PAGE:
Iowa has 4,265 untested rape evidence kits held in storage by the state's law enforcement agencies, a new survey has found. Testing on the kits will begin in June after a private laboratory is selected to do the work.
Fed up that Missouri is the only state that doesn't track the prescription and sale of opioids, some of its biggest cities and counties have created their own monitoring system to help combat the increasingly popular and highly addictive drugs.
The Utah House voted to allow voters to choose to make their voting registration records private — a seismic change in policy where the records now are generally public.
Supporters of the amendment, which still must be approved by the Assembly and by Wisconsin voters, say it doesn’t make sense to keep the state treasurer’s office because its duties have largely been eliminated. Opponents argue the office should have its duties restored so it can serve as a check on the executive branch.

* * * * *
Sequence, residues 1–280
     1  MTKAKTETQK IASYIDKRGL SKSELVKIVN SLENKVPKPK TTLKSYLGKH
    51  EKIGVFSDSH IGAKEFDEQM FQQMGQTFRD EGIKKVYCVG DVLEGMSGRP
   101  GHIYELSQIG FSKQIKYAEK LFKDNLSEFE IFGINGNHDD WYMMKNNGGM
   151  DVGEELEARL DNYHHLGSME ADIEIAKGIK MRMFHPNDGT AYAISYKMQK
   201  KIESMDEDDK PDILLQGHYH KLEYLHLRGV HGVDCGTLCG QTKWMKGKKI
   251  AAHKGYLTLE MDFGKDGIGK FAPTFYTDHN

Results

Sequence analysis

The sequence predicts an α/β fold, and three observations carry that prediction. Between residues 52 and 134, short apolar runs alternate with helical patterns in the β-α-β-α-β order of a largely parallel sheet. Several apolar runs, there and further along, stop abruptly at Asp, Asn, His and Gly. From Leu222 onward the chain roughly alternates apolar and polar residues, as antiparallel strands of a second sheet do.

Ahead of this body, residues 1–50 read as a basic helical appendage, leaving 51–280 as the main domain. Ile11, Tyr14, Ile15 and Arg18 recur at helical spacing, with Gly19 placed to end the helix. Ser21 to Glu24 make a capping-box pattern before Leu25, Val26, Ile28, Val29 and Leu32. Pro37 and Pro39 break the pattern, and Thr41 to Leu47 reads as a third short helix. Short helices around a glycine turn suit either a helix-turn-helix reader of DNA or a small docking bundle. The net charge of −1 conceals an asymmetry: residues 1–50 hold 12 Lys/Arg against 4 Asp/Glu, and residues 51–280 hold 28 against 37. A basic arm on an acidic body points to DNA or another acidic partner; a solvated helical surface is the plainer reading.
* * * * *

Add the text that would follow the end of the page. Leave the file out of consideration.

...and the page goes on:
New Mexico senators voted to add electronic cigarettes and marijuana to New Mexico’s prohibition on indoor smoking, with limited exceptions.
The Alabama Senate approved a bill that would do away with the requirement that probate judges sign marriage licenses. The bill comes as a few probate judges in the state continue to refuse to issue marriage licenses so they do not have to give them to gay couples.
Fatal drug overdoses rose last year in West Virginia, where the overdose death rate still far outpaces any other state. At least 818 people in the state died from overdoses in 2016, including 703 that involved at least one opioid. In 2001, 212 overdose deaths were reported statewide, with 147 listed as opioid-related.
Most of Nevada’s most seriously mentally ill inmates have been relocated to a correctional facility in the capital as the Department of Corrections moves to implement a policy to treat prisoners with psychiatric issues.
A legislative committee voted to kill a proposal that would have allowed private energy developers to enter Nebraska’s unique public power-only market.
Florida lawmakers could close a loophole with a bill that would make prosecuting drug dealers easier if their product — a wide array of synthetic drugs including fentanyl and, more importantly, a mixture of those drugs – causes a fatal overdose.
In what could be a far-reaching decision for dog-bite cases, the Georgia Supreme Court this week said a jury must decide whether a woman viciously attacked by a pit bull named “Rocks” can collect damages from her neighbors.